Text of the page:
By Susie Ling, Associate Professor at Pasadena City College
We baby boomers were flying so high in the 1970-80s. I was so proud to be a feminist, and I shunned my mother’s limitations. My mother baked, ironed, and volunteered at my school. My mother made paper doll clothes with me, but I was going to be so different. I was a professional woman and a partner in an equal marriage. By the 1990s, my own hypocrisy became obvious. I depended on Mama to be the third parent for my millennial children.
I did all I could to balance career and family responsibilities. When my baby was not 48 hours old, I went to a short meeting that I could not avoid. My kids did not do after-school activities or even get their puppy, as I just could not handle the extra burden. I can still picture the kids so mad at me for picking them up late from day care again. I went to work, I brought my work home, and I kept the house within health codes. When we went to Grandma’s house, she let me take naps on her couch. My goal was to watch a whole episode of Murder, She Wrote on Sunday night—that seldom happened.
I admit I hoarded the opportunity to work; I love my career as a teacher. I did not say “no” to extra assignments. And I hoarded money. I worried about becoming a young widow like my mother, or a divorcee like many others around me. I kept emotional distance from single women as I was jealous of their ambitions. And I kept emotional distance from single moms because I was afraid. There was this single mom in my neighborhood that literally drunk herself to death; that tore me deep.
Female professionals in my era put up and shut up. We did not make coffee or take shorthand, but we had pressure to act “professional.” I seldom discussed domestic problems at the office. Instead, I chatted with colleagues about politics and the movies and sports that I never watched. New moms pumped breast milk secretly, sometimes hiding in the toilet stalls. I tried to time my babies’ births to coincide with my summer breaks. I hid years of menopause. Worse, we hid sexual harassment.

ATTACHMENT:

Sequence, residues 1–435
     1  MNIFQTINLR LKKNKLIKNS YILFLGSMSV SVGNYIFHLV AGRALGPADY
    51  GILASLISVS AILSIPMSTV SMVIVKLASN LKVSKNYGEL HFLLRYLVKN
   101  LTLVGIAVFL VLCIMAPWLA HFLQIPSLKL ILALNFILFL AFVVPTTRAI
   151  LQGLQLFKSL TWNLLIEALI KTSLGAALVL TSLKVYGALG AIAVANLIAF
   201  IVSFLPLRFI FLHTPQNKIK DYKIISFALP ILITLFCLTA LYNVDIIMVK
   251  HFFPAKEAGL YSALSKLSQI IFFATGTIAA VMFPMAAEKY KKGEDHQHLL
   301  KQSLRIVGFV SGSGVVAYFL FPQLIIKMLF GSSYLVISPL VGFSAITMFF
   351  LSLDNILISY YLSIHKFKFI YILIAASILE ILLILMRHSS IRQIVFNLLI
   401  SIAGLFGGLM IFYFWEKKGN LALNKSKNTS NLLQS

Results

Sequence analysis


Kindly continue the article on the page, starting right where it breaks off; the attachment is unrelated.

When colleagues made inappropriate sexual and/or racial comments, I would “laugh” it off and do elaborate footwork to avoid being alone with them. How can you report misdeeds to the bosses when the strings of bosses—male and female—were all compliant? It was a former boss who suggested we avoid hiring younger females as they often have family obligations… When I caught myself “laughing” it off with a junior co-worker, I progressed to appearing “quietly perturbed”. Several male teachers where I work were “encouraged to retire” or “resigned for personal reasons” as they were perpetual and gross perpetrators. I should have screamed and stomped my feet. We should have yelled at Human Resources and the layers of authority. Why should indecent people have their privacy protected? When two of my female colleagues retired recently, they told me of past “incidents.” The truth is that sexual harassers and perpetrators abound in my teaching profession. But, alas, they also fester in Hollywood, in churches, and in politics.
Looking back over the decades, I am truly sorry I was an enabler when I should have been more of an empowerer. When it happens again, what is the next step?